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Thunderstorm Warning Will Trigger Mobile Phone Alert

The three categories the weather service developed, which are ranked from highest to lowest, are "destructive," "considerable" and "base." The tags and additional messages are designed to spur immediate action, based on the threats.

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(TNS) - The National Weather Service this month launched new thunderstorm warnings designed to better inform the public of their severity. The warnings include one that will trigger alerts on smartphones within the warning area.

Thunderstorms, which can be life-threatening, are not all the same, and varying hazardous conditions include tornadoes, flash flooding and large hail, the weather service said. The agency believes it will better be able to convey the severity and potential impact of the thunderstorms by adding a "damage threat" tag to severe thunderstorm warnings like it does for its tornado and flash flood warnings.

The three categories the weather service developed, which are ranked from highest to lowest, are "destructive," "considerable" and "base." The tags and additional messages are designed to spur immediate action, based on the threats.

The addition of damage threat tags, which the weather service implemented on Aug. 2 , are part of the broader Hazard Simplification Project to improve communication of watches and warnings to the public.

"This is kind of analogous to tornado warnings where you can be reached anywhere," said Carl Jones , a meteorologist at the National Weather Service in Grand Forks. "Some of these storms can be just as impactful as these tornadic systems."

The warning includes a "call to action," which describes what the public should do when it receives the warning. That includes going indoors to the lowest floor of a building and staying in the center, away from windows, Jones said.

In 2020, 13 of the costliest weather disasters, including the Iowa derecho that caused $11 billion in damage, were severe thunderstorms. The new "destructive tag," would have activated a wireless emergency alert for those storms, the weather service said.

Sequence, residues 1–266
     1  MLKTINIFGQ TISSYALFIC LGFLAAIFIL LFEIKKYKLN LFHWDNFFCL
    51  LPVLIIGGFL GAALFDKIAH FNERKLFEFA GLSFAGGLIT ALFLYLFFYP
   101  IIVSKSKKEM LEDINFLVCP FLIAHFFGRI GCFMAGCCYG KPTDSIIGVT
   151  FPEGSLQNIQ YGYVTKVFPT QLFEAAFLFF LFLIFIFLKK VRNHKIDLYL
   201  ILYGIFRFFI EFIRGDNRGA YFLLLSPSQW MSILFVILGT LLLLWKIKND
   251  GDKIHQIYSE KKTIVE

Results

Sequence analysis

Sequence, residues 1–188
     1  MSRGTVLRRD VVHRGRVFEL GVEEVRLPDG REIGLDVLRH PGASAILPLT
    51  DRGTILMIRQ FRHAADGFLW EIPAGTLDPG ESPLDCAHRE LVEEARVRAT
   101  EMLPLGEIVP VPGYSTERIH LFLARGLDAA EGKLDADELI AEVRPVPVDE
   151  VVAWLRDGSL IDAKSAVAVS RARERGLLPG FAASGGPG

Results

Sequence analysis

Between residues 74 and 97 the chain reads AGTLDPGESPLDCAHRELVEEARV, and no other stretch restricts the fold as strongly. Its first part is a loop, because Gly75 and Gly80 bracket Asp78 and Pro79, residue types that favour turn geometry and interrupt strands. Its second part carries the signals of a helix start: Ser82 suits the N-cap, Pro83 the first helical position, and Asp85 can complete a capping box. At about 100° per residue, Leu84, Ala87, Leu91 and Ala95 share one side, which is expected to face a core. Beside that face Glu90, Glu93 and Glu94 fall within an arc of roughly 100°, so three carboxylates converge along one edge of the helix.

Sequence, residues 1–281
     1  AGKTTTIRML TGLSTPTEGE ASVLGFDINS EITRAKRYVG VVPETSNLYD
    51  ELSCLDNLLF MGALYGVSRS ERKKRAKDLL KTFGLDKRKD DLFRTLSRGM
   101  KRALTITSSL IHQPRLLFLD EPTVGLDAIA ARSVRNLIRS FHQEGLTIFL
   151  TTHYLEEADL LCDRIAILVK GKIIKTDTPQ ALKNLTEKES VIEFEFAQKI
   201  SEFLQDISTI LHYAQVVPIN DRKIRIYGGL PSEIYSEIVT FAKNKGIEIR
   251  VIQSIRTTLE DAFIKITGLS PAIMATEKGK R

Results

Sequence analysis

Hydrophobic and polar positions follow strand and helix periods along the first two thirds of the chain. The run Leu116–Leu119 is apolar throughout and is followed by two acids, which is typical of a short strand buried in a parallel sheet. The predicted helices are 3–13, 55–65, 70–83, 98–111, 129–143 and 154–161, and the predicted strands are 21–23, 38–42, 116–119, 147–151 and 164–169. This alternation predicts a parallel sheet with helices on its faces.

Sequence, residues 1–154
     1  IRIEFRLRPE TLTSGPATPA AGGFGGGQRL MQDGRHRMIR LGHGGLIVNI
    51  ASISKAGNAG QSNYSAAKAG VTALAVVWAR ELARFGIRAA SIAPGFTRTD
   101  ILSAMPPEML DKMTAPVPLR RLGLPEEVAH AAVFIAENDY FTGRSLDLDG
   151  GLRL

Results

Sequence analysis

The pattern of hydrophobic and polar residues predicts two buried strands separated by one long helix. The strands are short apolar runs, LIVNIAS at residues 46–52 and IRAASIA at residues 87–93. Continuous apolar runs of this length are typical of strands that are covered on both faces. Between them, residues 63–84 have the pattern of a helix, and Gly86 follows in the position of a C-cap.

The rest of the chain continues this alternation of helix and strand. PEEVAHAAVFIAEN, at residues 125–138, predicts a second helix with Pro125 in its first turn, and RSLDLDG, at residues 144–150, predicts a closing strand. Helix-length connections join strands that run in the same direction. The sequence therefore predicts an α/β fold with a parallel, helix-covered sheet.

The categories' criteria are:

Destructive: Baseball-sized hail (hail that is at least 2.75 inches in diameter), and/or 80 mph thunderstorm winds. Warnings with the destructive tag will activate a wireless emergency alert on smartphones within the warning area.

Considerable: Golf-ball sized hail (hail that is 1.75 inches in diameter) and/or 70 mph thunderstorm winds. The warning will not activate a WEA.

Baseline: The warning is unchanged and is quarter-sized hail (1-Inch) and or 58 mph thunderstorm winds. The warning will not activate a WEA. When there is no damage tag on a warning, damage is expected to be at the base level.

An average of about 10% of severe thunderstorms, nationwide, reach the destructive category each year, the weather service said. Most of the storms that cause damage are wind events, such as derechos and some larger, more intense thunderstorms called "supercells," which produce large hail.

NOAA Weather Radio. weather.gov, Emergency Alert System and dissemination systems to emergency managers and partners will continue to issue and distribute severe thunderstorm warnings to the public.

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(c)2021 the Grand Forks Herald (Grand Forks, N.D.)

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